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Scale-up vs. scale-out architecture

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Does your organization use a scale-up architecture or a scale-out architecture? How did you make this decision? Share your comments about scale-up vs. scale-out architecture, as discussed in the Nov. 11 Disaster Recovery e-newsletter.

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baahaahaa scale up or scale out

by ristau5741 In reply to Scale-up vs. scale-out ar ...

scale up:

yeah right, try telling management they need to spend $40K on a server instead of $6K

or if it's already on a high end server and need to be a higher end server good luck on mirgrating the 37 apps running on the server, sneakernet abounds to the desktop reinstalling all those apps.

scale out:

yeah right, try getting a high end management system in place to manage all those servers. Try telling management you need to hire more people to manage those scaled out servers.

why am I so negative ?

4 years ago my company had 11 servers and 2 people to manage. today 90 servers and 2 people to manage. all we do all day is play crisis management.

we didn't scale up because services became too critical, rebooting a server took down 8 other parts of the business, that and we couldn't justify to management that we needed to grow into a $40K server.

time to put out another fire, I hear one of my servers calling

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by Flash00 In reply to Scale-up vs. scale-out ar ...

I suggest that the terms "Scale Up" vs "Scale Out" be replaced with "Efficiency" vs "Redundancy," to better define the problem.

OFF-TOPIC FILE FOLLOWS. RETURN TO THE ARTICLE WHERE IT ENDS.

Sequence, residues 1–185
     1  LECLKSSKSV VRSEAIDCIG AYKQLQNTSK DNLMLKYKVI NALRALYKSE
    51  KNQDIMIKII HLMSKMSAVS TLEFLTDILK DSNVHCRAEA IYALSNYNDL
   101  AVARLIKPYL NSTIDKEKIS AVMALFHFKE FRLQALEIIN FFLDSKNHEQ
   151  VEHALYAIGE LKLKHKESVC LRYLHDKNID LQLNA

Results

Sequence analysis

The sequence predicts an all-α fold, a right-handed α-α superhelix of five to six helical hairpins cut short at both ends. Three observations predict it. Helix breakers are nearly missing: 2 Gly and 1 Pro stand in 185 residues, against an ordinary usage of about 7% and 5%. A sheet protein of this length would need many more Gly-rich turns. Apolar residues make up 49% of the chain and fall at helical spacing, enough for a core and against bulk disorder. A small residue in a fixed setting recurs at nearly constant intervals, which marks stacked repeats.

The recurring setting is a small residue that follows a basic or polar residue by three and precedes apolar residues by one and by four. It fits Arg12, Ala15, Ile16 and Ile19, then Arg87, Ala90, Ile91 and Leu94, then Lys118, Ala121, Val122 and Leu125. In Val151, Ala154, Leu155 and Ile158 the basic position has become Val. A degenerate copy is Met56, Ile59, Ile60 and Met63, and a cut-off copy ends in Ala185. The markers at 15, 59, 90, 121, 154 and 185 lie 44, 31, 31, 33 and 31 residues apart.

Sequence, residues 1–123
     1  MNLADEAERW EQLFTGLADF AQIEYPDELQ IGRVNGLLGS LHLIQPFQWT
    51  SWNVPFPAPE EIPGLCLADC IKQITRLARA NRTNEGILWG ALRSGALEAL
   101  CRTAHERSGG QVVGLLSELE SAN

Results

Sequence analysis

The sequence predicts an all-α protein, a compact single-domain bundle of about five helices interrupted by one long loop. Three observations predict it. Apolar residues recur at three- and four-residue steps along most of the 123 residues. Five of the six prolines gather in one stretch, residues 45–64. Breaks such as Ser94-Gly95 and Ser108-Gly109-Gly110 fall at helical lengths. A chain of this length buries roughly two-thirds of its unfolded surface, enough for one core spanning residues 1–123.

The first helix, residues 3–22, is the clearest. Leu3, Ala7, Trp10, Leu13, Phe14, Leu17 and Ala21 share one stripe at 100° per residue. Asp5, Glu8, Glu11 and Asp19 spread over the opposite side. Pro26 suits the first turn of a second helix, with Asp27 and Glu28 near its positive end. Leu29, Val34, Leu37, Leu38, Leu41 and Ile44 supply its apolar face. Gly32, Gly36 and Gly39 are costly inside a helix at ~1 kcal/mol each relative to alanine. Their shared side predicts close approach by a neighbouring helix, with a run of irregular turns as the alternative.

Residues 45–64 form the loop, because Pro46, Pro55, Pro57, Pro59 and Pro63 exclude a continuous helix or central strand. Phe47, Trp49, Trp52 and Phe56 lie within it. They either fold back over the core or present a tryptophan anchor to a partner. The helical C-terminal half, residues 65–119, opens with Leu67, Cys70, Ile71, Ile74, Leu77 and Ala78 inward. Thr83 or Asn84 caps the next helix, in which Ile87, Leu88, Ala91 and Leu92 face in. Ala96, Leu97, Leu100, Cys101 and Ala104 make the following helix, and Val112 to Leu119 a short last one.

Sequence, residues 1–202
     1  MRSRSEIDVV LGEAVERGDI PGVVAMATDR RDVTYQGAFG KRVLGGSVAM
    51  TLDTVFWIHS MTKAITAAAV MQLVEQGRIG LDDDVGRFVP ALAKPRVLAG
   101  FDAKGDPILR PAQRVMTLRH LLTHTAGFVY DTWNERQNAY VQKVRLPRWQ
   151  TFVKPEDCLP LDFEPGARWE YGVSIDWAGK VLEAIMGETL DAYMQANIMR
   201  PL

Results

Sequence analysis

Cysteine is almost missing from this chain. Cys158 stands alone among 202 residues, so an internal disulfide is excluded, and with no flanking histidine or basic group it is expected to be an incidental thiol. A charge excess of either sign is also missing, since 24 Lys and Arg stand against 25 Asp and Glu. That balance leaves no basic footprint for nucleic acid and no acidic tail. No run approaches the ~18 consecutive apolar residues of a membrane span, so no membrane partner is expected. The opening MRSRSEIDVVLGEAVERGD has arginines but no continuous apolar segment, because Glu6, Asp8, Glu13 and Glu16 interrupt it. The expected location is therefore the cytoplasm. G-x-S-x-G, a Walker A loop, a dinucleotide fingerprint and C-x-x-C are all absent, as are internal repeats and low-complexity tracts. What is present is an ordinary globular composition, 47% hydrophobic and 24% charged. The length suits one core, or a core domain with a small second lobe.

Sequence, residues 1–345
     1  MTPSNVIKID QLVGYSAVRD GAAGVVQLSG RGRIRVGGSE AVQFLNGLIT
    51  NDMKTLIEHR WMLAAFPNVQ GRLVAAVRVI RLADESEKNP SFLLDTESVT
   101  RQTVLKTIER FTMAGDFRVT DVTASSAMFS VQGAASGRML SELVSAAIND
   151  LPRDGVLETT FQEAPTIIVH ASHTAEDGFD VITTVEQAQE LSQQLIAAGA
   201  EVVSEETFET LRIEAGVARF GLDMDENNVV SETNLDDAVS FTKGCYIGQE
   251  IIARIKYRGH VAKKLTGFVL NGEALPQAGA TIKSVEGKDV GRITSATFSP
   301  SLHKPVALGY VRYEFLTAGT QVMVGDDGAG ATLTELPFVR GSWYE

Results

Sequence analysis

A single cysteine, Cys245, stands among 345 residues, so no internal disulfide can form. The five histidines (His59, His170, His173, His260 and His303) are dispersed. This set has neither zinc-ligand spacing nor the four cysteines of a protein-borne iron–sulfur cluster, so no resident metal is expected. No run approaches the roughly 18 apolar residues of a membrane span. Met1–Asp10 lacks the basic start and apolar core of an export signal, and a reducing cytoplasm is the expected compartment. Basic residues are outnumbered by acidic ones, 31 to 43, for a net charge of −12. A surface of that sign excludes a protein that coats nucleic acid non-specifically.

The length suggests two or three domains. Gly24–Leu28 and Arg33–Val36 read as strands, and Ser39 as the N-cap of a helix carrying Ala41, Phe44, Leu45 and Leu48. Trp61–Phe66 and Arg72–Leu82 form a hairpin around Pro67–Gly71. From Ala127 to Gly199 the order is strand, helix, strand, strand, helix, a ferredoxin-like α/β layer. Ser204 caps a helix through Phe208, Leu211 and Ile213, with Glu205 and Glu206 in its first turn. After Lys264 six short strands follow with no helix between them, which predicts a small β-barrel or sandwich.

Scaling Up is concentrating, which is more efficient than the more robust Scaling Out or sharing the job among many redundant units.

It's an old problem, and there's no definitive answer to which approach is best. Go for the more efficient approach of putting all your eggs in one big basket, or spend a fortune on a bulletproof distributed network with its administrative headaches?

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Too Costly

by wiegand In reply to

I recently needed to get some larger servers. Rather than just ordering some 4-way processors, I looked into getting a larger 16-way. We run Windows Enterprise Server 2000. I looked at VMware and Windows Data Center. The costs of the software to manage the 16-way plus hardware costs were more than double the cost of just getting the individual servers. Dollars are at a premium right now, so until there is a real advantage to going this route, I don't see it in our future.

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